“Usually when I make a record I know what the potential is going to be, but I didn’t know that ‘Just a Friend’ was going to be that big,” Markie said in 2013. “‘Just a Friend’ opened a world up where I never knew the difference between being a pop star and a regular rap star. It was crazy.”
Markie subsequently released I Need a Haircut in 1991, though his career hit a litigious stalling point due to his unauthorized use of a Gilbert O’Sullivan sample on the track “Alone Again.” While the ensuing Grand Upright Music Ltd. v. Warner Bros. Records Inc. wasn’t the first sampling lawsuit, its judgment had a landmark impact on hip-hop: Following the judge’s ruling — which, according to NPR, included a $250,000 fine, a halt on sales of I Need a Haircut, and, most bewildering, the recommendation that Markie face criminal charges for theft — record labels were forced to get clearance on all samples by the original copyright holders.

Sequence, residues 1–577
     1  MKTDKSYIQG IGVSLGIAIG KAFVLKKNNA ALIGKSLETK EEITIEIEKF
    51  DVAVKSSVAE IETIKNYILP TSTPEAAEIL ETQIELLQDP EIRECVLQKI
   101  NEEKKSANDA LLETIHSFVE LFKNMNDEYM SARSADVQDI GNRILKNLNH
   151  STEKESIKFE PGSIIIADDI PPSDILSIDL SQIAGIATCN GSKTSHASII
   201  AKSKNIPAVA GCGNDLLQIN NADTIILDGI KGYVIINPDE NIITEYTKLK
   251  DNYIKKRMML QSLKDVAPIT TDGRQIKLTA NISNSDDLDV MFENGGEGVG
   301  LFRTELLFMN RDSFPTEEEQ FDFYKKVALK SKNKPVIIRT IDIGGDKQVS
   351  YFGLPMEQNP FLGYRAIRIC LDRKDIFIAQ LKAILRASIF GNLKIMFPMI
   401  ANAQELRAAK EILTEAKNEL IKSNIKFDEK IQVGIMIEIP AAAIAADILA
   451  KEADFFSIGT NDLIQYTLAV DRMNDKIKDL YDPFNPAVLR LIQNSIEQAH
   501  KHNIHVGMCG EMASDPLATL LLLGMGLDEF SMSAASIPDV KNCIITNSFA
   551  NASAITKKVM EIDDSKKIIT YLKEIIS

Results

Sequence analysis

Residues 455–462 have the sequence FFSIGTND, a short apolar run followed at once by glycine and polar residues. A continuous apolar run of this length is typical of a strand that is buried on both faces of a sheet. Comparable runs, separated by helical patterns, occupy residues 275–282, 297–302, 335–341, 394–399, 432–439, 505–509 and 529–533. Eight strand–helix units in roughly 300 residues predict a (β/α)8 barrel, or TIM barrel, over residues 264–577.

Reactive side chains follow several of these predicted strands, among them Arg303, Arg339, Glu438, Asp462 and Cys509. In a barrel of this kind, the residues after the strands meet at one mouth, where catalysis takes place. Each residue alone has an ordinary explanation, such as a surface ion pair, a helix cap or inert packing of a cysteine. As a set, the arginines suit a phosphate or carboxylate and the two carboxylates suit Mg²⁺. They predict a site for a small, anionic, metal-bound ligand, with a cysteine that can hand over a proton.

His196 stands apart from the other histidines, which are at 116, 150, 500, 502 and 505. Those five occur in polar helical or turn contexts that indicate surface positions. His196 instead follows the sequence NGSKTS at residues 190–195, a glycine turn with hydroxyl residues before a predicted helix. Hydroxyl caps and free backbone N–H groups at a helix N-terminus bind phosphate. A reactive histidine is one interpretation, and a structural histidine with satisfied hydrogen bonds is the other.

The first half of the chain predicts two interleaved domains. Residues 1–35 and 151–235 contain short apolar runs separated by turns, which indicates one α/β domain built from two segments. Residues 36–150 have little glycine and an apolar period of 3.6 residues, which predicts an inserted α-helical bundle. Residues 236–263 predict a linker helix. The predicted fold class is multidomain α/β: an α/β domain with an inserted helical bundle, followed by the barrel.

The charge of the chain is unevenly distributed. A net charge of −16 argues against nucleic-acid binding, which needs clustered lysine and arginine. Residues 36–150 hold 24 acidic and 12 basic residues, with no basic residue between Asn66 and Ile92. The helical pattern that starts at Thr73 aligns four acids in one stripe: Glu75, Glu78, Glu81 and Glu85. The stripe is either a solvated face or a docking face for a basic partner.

The Clown Prince of Hip-Hop took the ruling in stride and channeled the incident into his 1993 album, All Samples Cleared, which lampooned the court case by using a sample of five different renditions of the same song, Allen Toussaint’s “Get Out of My Life Woman.”
While Markie would release only one more album during his lifetime — 2003’s Weekend Warrior — he remained a mainstay in the entertainment industry thanks to his appearances on comedy series (In Living Color, Crank Yankers, Wild’n Out); children’s shows (SpongeBob SquarePants and Yo Gabba Gabba, where Markie was also a member of the touring unit); “as himself” cameos (Black-ish, Empire, Hip-Hop Squares); and countless VH1 “I Love the …” specials. Markie also featured on the Beastie Boys’ “Benny and the Jets,” the Avalanches’ “The Noisy Eater,” Flaming Lips and Kesha’s “2012 (You Must Be Upgraded),” De La Soul’s “Stone Age,” and Freddie Gibbs and the Alchemist’s “God Is Perfect.”
Speaking to Rolling Stone in 2018 on “Vapors,” Markie said, “I always look at records like, if it has a good feeling, it’s gonna have a good feeling for a long time.”
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16 July, 2021 - 07:33pm